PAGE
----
A Bible Lesson and a Movie
THE FIRST VERSE OF LEVITICUS 5 reads like this. “If a person sins because he does not speak up when he hears a public charge to testify regarding something he has seen or learned about, he will be held responsible.” It is a reminder to us that part of our calling it to “make other people’s problems, our problems.” It is a sin not to do so.
Reading through Leviticus, one is reminded how pervasive our sin really is before a holy God. We commit unintentional sins as well as willful sins. We sin in our thoughts, our actions and in our hearts.
Adding to this long list of sins, this verse speaks to the sin of inactivity. How many times have we been witness to an injustice, and then proceeded to sweep it under the rug and do nothing about it? How many times have we sinned by simply not getting involved or by turning a blind eye to a situation? How many times have we seen someone in need and just passed that person by?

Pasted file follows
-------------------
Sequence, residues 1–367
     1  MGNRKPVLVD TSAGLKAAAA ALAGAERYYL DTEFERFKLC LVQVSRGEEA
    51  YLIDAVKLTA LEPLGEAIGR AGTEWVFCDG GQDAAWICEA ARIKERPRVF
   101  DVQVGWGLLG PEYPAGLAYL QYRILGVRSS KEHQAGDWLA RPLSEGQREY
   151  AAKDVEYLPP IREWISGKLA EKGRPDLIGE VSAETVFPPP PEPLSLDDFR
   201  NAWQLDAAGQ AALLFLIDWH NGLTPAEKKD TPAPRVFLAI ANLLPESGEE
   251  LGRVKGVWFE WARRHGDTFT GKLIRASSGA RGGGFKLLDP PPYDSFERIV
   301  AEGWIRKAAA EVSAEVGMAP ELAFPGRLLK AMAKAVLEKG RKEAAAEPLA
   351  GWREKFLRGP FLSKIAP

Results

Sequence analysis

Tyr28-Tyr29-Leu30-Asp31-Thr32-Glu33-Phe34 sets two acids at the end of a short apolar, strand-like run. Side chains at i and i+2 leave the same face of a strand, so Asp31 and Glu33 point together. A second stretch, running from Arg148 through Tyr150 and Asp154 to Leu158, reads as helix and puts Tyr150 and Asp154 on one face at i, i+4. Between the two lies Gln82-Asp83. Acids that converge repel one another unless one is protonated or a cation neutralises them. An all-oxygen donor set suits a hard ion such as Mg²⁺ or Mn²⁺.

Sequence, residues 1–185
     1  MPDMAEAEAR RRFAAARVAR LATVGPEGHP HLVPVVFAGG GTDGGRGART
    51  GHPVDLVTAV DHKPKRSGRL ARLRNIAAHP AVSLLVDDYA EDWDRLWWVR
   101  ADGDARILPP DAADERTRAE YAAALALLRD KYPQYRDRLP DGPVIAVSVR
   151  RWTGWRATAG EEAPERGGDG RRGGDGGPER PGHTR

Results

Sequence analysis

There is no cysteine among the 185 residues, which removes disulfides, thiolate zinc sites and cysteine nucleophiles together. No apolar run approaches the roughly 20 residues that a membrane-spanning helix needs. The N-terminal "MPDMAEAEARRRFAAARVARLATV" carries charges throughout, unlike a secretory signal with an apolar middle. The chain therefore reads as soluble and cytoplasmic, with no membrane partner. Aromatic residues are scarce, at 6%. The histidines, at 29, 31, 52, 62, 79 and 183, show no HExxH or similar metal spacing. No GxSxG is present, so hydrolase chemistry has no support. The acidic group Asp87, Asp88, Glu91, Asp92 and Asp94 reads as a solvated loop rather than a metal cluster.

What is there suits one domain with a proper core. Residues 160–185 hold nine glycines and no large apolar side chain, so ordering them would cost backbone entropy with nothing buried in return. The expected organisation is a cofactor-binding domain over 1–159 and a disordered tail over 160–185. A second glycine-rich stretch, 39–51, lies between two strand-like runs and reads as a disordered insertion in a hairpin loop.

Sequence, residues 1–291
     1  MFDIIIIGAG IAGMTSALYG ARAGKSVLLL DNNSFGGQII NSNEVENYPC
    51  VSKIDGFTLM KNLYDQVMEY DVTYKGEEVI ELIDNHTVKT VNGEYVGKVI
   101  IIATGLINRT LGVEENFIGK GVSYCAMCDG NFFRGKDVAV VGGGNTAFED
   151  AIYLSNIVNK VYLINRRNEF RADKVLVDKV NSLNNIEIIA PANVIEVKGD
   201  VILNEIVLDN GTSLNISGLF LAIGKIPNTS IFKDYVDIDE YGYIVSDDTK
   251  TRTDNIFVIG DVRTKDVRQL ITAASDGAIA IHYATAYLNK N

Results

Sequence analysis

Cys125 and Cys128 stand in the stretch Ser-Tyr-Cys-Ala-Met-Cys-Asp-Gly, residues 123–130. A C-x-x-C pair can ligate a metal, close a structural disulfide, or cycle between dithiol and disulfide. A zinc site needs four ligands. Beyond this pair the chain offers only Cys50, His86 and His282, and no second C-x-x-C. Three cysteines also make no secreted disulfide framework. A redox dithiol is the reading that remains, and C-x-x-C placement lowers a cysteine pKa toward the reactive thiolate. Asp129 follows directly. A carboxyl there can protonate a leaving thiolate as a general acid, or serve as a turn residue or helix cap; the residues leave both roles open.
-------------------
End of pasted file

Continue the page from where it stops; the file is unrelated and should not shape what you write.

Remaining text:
If you want a good movie to watch that illustrates this verse, I would recommend the 2003 movie Radio. This movie is based on a true story about a boy with special needs, perhaps autistic. The local high school football coach took interest in him because he saw this boy walking outside the football complex every day. The coach could have ignored this boy, but instead he took interest in the boy and changed his life forever.
What motivated the coach to take interest in this boy? The coach was haunted by an experience he had as a boy. While on his paper route for two years he saw a boy with special needs, who was caged up like an animal and yet he said nothing nor did anything for that poor helpless boy.
All of us have people we know who are in need of our attention. God has placed them in our path. At times we even feel the tug of the Holy Spirit to meet someone’s need, but often we shrug off the tug of the Spirit and go on our merry way. Unlike the Good Samaritan, we fail to stop and be the neighbor and attend to the wounds of those around us. May we no longer turn a deaf ear. May we no longer choose inactivity and ignore the needs around us. Rather, let us be sensitive to the opportunities we all face each and every day.
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